Yes, the next rate move is down. In that context where liquid funds are already down to 8% or thereabouts, deposit rates are coming down, you are protecting yourself from the reinvestment risk by buying into short-term fund. We are very strongly recommending short-term funds as the place to put money for if you have an investment horizon of anything between six months to one year.
Q: Coming back to the equity markets, what would be a good thing to play, there are some brokerages who have recommended some power companies on the argument that a lot of activity has already gone into clean up the mess and perhaps the worst is over, is that a thought you would share? Would you start buying into the crisis that has befallen in so many of these companies? How would you be placed on banks because there is a package apparently coming out for discoms and what they owe the banks?
A: The way our portfolios are constructed, we have a bias towards quality. In that context, I do not see the macro environment having changed that significantly to change our bias away from quality.
There does not seem to be any signs yet that the investment cycle has kicked-in and kicked-in in a meaningful manner. We continue to be overweight on financials; consumers and IT.
Q: What are your thoughts with regards to defensive space because we have seen ITC come back in flavour after that 6% fall in the previous session, just give us a sense in terms of allocation within the defensives, how much would you possibly attribute or how much would you allocate within an equity portfolio of 100%?
A: We are not very fussed about this whole terminology of defensives and aggressives. Many of these companies are growing very strongly in the vicinity of 25%.Many of them have very high ROE numbers, they are pretty much zero debt sort of companies.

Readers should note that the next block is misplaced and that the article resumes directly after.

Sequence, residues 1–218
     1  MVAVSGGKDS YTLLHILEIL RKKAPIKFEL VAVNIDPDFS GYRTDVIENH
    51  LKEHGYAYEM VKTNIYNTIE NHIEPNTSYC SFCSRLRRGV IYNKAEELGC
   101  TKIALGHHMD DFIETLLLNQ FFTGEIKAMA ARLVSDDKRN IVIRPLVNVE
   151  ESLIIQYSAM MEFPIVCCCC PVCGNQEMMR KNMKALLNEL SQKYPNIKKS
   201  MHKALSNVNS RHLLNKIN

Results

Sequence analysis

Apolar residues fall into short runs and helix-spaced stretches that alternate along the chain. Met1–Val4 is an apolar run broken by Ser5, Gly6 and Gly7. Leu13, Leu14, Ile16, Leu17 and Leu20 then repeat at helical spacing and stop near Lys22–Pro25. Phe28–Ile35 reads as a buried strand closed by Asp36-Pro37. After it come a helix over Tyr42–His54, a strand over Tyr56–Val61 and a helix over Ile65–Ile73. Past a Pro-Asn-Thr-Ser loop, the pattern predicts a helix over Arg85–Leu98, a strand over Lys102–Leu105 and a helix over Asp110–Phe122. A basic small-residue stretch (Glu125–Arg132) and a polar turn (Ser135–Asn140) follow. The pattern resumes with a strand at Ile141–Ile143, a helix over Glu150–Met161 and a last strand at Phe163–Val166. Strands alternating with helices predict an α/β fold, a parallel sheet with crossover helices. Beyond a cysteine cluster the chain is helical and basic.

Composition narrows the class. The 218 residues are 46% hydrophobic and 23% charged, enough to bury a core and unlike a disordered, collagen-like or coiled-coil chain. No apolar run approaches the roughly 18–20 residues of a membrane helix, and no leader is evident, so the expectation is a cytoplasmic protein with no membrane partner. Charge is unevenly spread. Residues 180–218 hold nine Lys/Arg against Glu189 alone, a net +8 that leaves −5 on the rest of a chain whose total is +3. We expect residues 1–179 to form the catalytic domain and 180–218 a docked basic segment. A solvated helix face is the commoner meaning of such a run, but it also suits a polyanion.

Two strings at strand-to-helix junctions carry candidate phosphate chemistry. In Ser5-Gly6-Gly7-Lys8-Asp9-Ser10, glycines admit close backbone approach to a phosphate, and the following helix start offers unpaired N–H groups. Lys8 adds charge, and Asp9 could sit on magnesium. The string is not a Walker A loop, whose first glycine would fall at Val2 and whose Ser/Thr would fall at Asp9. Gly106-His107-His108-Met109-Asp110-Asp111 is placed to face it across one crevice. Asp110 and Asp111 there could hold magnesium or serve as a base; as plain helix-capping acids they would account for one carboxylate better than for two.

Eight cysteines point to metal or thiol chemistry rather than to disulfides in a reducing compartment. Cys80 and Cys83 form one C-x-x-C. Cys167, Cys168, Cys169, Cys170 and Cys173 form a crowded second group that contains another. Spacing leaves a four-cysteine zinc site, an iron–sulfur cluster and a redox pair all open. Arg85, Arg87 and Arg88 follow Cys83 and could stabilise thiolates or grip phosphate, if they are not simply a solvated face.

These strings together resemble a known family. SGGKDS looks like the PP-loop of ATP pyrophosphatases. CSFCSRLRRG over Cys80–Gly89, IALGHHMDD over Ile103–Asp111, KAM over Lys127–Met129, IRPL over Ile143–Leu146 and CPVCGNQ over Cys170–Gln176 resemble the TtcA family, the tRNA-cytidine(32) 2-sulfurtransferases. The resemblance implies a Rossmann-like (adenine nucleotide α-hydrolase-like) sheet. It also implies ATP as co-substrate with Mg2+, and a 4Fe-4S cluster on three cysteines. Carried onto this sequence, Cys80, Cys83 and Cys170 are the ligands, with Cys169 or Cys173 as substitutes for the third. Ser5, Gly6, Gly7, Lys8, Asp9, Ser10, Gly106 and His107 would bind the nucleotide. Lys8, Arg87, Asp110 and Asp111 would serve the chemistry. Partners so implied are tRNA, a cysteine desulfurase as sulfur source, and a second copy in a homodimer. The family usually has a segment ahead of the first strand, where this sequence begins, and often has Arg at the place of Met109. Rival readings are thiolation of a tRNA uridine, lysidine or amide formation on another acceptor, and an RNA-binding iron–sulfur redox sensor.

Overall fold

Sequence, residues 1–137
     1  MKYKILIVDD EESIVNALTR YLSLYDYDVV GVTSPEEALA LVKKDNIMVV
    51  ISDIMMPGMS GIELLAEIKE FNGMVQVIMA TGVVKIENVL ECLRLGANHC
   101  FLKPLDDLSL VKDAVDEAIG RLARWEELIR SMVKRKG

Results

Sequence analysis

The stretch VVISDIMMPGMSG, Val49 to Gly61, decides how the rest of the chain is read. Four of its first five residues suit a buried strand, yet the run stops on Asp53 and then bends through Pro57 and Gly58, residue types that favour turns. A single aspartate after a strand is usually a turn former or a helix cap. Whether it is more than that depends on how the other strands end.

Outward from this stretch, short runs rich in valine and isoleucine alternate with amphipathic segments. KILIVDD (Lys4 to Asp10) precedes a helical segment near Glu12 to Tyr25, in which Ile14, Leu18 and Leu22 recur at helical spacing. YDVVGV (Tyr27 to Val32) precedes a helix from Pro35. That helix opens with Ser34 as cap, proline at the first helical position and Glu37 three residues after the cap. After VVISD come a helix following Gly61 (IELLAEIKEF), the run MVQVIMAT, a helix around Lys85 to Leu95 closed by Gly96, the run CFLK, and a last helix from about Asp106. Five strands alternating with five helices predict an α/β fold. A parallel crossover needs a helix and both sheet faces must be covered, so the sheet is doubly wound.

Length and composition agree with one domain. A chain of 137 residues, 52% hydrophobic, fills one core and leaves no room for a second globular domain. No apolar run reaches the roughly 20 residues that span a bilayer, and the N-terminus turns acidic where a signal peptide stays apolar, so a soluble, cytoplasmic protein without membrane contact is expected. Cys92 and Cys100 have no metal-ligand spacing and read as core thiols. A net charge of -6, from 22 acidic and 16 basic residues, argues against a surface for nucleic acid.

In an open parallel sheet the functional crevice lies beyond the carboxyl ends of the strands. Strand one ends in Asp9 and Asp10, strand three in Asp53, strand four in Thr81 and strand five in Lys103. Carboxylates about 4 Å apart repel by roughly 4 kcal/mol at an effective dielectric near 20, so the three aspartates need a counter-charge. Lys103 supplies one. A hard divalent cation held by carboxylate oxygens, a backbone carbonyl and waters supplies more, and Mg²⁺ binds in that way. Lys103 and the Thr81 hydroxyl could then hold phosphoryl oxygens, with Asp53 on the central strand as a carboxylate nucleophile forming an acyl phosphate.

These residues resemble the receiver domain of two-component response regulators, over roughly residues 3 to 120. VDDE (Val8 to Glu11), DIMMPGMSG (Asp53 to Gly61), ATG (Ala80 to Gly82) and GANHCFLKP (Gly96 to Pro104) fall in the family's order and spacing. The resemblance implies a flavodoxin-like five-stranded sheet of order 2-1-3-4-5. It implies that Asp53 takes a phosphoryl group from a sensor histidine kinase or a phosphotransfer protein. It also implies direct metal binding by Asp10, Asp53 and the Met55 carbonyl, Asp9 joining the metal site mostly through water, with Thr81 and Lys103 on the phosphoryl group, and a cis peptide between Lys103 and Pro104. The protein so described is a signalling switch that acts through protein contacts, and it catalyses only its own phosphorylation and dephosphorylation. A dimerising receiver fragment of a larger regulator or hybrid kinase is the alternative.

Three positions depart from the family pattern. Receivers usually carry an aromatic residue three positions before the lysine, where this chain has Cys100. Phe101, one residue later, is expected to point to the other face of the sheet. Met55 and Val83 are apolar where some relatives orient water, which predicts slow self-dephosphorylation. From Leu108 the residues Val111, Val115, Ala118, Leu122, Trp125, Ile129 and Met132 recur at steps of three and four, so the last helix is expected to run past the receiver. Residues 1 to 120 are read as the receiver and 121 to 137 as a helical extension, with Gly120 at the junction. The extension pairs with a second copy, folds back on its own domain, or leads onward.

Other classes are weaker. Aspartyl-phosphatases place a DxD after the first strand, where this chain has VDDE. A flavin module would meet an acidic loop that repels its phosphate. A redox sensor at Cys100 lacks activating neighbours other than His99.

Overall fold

In an environment where the consumer cycle continues to be very strong, our focus should be in these sectors and that is exactly the thing that we are playing.
Q: How would you look at the macroeconomic scenario in terms of what to expect from the RBI, would you price in a cut in 2012 itself, would you price in a cut on October 30?
A: We are playing the probabilities as far as the policy action is concerned. What we are saying is that the risk reward is in favour of being long bonds. The cut will come at some point in time whether it is in October or in the next credit policy thereafter. The next move of the RBI is down.
If you play that theme then you are not worried about the cut is going to come in October or December. We are quite happy to hold long bonds, the accrual is in our favour and the curve is reasonably steep for us to take on that risk. That is how our portfolios are positioned on the fixed income side.
Q: For the rupee we have pretty much been ranged bound between 54 and 55 odd mark, any thoughts with regards to the new trading band that we could expect for the rupee or where we could end it December 2012 with levels?
A: On one side, we have seen a significant depreciation of the rupee. What most participants, players and corporates are looking for is some sort of stability in this vicinity of around 55/USD. If we get that, most people will be quite happy.
On the other side, if oil comes off or if we see a meaningful depreciation of the dollar globally, the RBI should come in and buy dollars and ensure that the rupee does not appreciate too much from here. As long as the rupee is within a band with a pivot around 55/USD, I think all participants should be happy.
Q: You don’t think banks have turned the corner, you think they have been adequately punished for the economic slowdown and therefore the rise in NPLs they will suffer, would you be a buyer in public sector banks?
A: The valuations on the public sector side are quite tempting, but that is not an area that we are completely confident of getting into. Our bias has always been on the private banks. We continue to favour private banks.
They have been much more nimble in managing NPLs and the interest rate cycle. That gives us confidence to be happy long-term shareholders in private banks.